As some of you who have read my previous postings may be aware, since June of this year – with the infamous mandatory switch to DTV – I have been living without a television (link). As a real news junkie, this required some behavioral modification on my part: time that was once spent watching news program after news program could now be devoted to other pursuits – reading, exercising, more formal meditation and prayer, catching up with friends, or just some nice quiet time to myself. All in all, I have to say that I really haven’t missed television that much. Still – old habits die hard, and every evening before I retire it is my practice to go on-line and check the websites of the local newspapers to see what the most recent headlines are; then, in the morning, I always wake up to the breaking news reported on the local radio station Ten-Ten WINS: as they request, I give them their 22 minutes and they “give me the world” – or at least what’s going on in it! In this manner, I am seldom surprised when I wake up and listen to the radio and hear what’s going on, because I already have an inkling of what the next day’s news will be. Surprises still happen however – and the most recent one was just about a month ago when I awoke to the newscaster’s voice telling me that President Obama was about to comment on his reception of the 2009 Nobel Peace Prize. I immediately straightened up – “did I hear that right?” I thought. “Surely” I thought further “they meant that the President was going to make comments and congratulate whoever the recipient of this year’s Peace Prize was”, and so I listened again and discovered that no, what I first heard was correct: that President Barack Obama had been awarded the 2009 Nobel Peace Prize by the Norwegian Nobel Committee for his vision to strengthen the role of dialogue, negotiation and multilateral diplomacy in resolving international crises, for his goal of and work toward a world without nuclear weapons, and ultimately for capturing the world’s attention and giving people hope for a better future (link).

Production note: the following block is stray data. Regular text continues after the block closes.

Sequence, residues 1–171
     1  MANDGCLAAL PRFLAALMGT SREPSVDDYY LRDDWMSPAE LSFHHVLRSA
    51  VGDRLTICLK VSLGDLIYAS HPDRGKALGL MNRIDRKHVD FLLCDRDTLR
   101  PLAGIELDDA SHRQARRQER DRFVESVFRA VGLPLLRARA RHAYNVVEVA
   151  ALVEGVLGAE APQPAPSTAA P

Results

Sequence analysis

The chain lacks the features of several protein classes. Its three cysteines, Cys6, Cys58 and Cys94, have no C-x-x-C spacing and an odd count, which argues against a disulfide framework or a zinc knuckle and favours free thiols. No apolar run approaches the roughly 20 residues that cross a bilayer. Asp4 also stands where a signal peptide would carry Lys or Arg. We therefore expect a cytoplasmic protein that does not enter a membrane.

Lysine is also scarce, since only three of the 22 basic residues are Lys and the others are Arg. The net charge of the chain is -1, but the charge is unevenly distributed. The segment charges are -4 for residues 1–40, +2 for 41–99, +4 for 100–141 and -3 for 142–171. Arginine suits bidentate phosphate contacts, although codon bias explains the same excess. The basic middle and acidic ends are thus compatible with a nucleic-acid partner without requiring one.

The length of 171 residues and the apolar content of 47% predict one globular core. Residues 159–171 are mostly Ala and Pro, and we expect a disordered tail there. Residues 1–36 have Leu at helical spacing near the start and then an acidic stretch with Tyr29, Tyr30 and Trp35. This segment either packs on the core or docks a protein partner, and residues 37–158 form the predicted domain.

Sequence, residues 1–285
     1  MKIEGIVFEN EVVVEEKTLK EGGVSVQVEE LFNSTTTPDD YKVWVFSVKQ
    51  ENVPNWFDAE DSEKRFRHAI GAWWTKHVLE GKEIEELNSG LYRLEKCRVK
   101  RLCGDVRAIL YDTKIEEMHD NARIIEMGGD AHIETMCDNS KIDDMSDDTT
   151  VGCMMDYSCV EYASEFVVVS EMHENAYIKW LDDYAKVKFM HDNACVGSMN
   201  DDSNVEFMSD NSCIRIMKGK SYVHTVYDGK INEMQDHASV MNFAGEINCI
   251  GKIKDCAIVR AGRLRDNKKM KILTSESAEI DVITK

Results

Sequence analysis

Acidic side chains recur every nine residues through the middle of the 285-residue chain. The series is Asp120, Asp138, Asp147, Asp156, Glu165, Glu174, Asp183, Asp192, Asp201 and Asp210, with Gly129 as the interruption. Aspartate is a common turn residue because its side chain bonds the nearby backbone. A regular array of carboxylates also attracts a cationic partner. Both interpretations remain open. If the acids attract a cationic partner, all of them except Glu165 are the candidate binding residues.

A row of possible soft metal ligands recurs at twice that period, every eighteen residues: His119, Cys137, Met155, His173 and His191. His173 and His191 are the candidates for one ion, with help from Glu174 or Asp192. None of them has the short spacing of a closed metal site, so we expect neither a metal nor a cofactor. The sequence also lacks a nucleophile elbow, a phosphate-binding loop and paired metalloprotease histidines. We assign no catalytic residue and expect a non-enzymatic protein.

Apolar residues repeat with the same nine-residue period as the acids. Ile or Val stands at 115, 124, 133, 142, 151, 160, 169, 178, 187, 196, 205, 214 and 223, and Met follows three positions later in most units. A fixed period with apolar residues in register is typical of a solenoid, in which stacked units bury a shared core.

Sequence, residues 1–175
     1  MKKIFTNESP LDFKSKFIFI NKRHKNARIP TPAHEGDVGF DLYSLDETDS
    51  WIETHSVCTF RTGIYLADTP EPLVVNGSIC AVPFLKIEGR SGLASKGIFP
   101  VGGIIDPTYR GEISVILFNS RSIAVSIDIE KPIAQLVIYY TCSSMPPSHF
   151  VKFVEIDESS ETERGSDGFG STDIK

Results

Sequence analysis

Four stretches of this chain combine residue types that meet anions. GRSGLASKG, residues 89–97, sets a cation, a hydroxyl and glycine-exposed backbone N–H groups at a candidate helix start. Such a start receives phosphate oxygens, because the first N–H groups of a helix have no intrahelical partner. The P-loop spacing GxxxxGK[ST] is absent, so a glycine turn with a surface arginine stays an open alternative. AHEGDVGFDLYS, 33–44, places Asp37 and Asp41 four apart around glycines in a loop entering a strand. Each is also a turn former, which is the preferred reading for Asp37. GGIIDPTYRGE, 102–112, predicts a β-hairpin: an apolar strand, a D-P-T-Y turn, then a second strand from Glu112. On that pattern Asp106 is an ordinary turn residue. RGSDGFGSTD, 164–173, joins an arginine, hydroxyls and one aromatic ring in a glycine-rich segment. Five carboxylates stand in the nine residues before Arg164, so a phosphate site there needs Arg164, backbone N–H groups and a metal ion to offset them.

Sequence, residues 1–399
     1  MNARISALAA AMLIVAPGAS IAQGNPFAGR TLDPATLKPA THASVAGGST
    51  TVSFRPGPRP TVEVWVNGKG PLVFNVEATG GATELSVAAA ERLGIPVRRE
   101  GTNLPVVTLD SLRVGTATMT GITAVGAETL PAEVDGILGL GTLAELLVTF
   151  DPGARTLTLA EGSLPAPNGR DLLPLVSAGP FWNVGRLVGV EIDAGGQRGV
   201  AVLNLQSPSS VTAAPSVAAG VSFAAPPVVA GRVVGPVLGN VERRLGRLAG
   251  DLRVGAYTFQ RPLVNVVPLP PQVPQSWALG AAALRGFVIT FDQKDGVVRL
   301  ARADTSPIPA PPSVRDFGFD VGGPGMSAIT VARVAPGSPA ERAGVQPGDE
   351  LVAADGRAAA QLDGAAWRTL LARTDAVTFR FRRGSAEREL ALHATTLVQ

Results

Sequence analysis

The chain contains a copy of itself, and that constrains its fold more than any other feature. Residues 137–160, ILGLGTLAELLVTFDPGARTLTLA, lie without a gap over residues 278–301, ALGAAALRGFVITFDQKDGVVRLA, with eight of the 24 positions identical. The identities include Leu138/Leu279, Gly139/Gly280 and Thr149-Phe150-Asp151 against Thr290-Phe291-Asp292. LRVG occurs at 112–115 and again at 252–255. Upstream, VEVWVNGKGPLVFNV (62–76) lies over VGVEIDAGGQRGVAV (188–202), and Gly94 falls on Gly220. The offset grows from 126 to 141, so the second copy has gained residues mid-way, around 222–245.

As I got ready for work, that news began to sink in a little more, and I have to admit that my initial reaction was one of surprise. As a person whose work is in the field of “Justice and Peace”, I have always noted with interest the accomplishments of past Nobel Peace Prize Laureates (one of my favorite T-shirts has the ironic comment “I’d kill for a Nobel Peace Prize” emblazoned across the chest!) Generally, people who win the Nobel Peace Prize do so for accomplishing some extraordinary societal change (Martin Luther King Jr., Lech Walesa, Nelson Mandela), living a life of altruism and extraordinary virtue (Mother Teresa), or some combination thereof. I admit that all of the things that the Nobel Prize Committee cited in their announcement of President Obama’s winning of this year’s prize are very good and very humane, yet arguably except for capturing the world’s attention and generating a feeling of hope in people by his election, the remainder of the reasons that the Nobel Committee gave for its selection are more the President’s aspirations, vision and goals then his concrete accomplishments at this point. President Obama seemed to realize this when he called his reception of the prize a “call to action” (link). Reaction to the President’s reception of the Nobel was pretty much mixed and predictable, based upon a person’s location along the political spectrum. One of the most astute observations, I thought, was from dissident playwright turned President Vaclav Havel, who twenty years ago this month led the people of then-communist Czechoslovakia through their “Velvet Revolution”, helping to transform their society from totalitarianism to democracy (link). The one time President of the Czech Republic, when told that President Obama had won the Nobel Peace Prize, asked rhetorically if it were true that President Obama had refused to meet the Dalai Lama (himself a Nobel Peace Prize recipient in 1989) in order to curry favor with the Chinese government. When told that the President had indeed done so as part of the Administration’s new policy of “strategic reassurance” – softening criticism of China’s human rights violations to calm the fears of the nation that is bankrolling the United State’s debt – Havel, no stranger himself to the interplay of politics and principle, commented that “it is only a minor compromise. But exactly with these minor compromises start the big and dangerous ones, the real problems.” (link) Our President – a masterful politician and consensus builder who has yet to make a concrete decision as Commander-in-Chief regarding our continued military involvement in the theater of Afghanistan that he inherited – would do well to consider Mr. Havel’s sage advice as he undertakes his considerable international and domestic responsibilities.